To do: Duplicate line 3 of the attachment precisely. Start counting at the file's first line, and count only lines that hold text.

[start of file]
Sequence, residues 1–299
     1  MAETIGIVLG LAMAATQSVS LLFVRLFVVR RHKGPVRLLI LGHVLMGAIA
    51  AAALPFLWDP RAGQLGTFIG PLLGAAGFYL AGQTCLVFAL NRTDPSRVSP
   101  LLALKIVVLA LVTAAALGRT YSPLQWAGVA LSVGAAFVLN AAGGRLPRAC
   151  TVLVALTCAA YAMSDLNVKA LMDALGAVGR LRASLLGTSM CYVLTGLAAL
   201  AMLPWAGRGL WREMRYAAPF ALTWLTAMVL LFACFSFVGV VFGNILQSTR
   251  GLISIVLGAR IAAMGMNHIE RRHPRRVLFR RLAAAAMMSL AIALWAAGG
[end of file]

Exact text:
    51  AAALPFLWDP RAGQLGTFIG PLLGAAGFYL AGQTCLVFAL NRTDPSRVSP